By Barbara Kobsar | Photos by Rachel Stanich
I’m in Brentwood, driving by fields and fields of corn, a crop that’s synonymous with the fall harvest in these neighboring farms. The promise of finding beautiful peppers, tomatoes, melons, and fresh greens is making every mile more exciting.
My first stop is at G&S Farms, where Emilio Ghiggeri, an Italian immigrant, planted the first sweet corn in Brentwood in the 1940s. This continues to be a family-run operation under the management of Glenn Stonebarger, who married Emilio’s daughter in the 1980s, hence the name G&S. I’m greeted by Paul Stonebarger, one of Glenn’s sons, who says he gets lots of help with planting and harvesting their non-GMO corn from his brother Michael and cousin Joseph Ghiggeri.
The time to really enjoy corn on the cob is when it’s freshly picked and in season. G&S is noted for their production of a variety called Brentwood Diamonds, but all of their hand-picked white, yellow, or bi-color varieties—featured at many local farm-to-table restaurants and grocery stores as well as local farmers’ markets—are pleasing.
The corn I take home is sweet, milky, and tender—in a word, just the best! Corn has come a long way since the days when a mere 24 hours after picking, sweet corn would lose half of its sweetness, and a few days later, it would be just starchy and chewy.
Through many decades of development, super-sweet hybrids have become sweeter and now contain nearly three times as much sugar as the mildly sweet varieties. These newer varieties also remain sweeter long after harvest.
And what about color? I see more white corn sold at the farmers’ markets, but I prefer yellow just for the sunny look, even though I know they really taste the same. Most important is to choose ears with green, moist, and snug-fitting husks, and to resist the urge to peel back the husks (which upsets the farmer). Just feel from the outside to make sure the rows of kernels come all the way to the ear’s top. End silk should be golden-brown and dry, and the stem end should be moist. Some growers take pride in bringing their boxes of corn with a layer of ice to keep them cool and sweet as can be!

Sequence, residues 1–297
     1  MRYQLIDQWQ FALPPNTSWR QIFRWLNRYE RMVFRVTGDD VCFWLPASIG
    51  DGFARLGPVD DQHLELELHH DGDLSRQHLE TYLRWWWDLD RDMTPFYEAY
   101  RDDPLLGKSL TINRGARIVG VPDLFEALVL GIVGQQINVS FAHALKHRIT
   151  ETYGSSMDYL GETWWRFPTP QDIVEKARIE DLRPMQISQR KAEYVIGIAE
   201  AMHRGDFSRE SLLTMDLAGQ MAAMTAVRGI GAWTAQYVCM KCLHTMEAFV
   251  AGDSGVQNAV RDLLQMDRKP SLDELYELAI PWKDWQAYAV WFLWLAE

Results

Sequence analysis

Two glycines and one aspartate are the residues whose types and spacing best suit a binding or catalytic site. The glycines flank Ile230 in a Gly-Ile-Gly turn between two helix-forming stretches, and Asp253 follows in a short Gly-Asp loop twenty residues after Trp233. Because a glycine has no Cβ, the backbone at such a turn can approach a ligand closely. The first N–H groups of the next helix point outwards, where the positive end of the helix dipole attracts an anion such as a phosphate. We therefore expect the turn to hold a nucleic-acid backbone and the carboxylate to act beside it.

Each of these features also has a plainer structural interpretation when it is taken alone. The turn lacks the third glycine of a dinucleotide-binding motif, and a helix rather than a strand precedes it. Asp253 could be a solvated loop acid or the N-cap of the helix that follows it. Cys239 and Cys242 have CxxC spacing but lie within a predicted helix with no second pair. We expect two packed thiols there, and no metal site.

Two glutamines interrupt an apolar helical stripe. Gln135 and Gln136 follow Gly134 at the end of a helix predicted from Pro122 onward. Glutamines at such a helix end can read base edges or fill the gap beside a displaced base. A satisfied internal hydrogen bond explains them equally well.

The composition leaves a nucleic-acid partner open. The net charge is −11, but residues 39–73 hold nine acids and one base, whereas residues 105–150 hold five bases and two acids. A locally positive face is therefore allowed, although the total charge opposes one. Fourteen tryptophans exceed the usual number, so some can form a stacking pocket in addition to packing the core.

I go simple with cooking corn: Peel off husk and silk and drop the ear into boiling water for just a few minutes. Or remove just the silk, leave the husks on, and soak the whole ear in water for 20 minutes before tossing on the grill for about 20 minutes, turning every 5 minutes. Carefully peel back husks and serve with butter and salt.
Smith Family Farm
My next stop is Smith Family Farm at 4350 Sellers Avenue in Brentwood. The beautiful, bountiful farm stand comes into sight first. Crates and boxes overflow with cucumbers, eggplant, squash, fresh herbs, strawberries, and of course, tomatoes. Smith Family Farm has earned a spot as the go-to stand for tomatoes at my farmers’ market. There are always several varieties to choose from, but I’m drawn to the heirloom Black Russian to eat freshly sliced and San Marzano for sauce making.
Peppers take center stage at Smith Family Farm during the fall. Choose from Cubanelle, Jimmy Nardello, jalapeño, shishito, padrón, and many more, including the mainstay bell peppers. Jan Smith, whom I worked with at farmers’ markets over 20 years ago, is a pepper aficionado. She takes pride in showing off all the beautiful peppers they grow on the farm and stringing the farm’s chili peppers into ristras that are a popular item with her customers.
Roasted peppers add unexpected flavor to pasta, salads, and bean dishes. Simply bake or broil them, or try spearing with a long, wooden-handled fork and holding the pepper over a gas flame until it’s blackened. Place the charred peppers into a heavy paper bag and seal to allow them to steam. After 10 minutes, the peppers should be cool enough to peel, stem, and seed.
Throughout the fall, Brentwood is a place for family fun, with pumpkin patches and corn mazes at many farms. Plus, you’ll have armloads of good, fresh produce to carry home for your fall harvest table. Learn more at harvestforyou.com. ♦
Veteran journalist Barbara Kobsar has authored two cookbooks focusing on traditional home-cooked meals using local produce. You’ll find her each Sunday at the Walnut Creek market and on Saturdays at the Orinda and San Ramon markets selling her Cottage Kitchen jams and jellies made from farmers’ market produce.
Fine-art photographer Rachel Stanich is intrigued by the stories of others. She explores cultural texture and landscape in her work. rachelstanich.com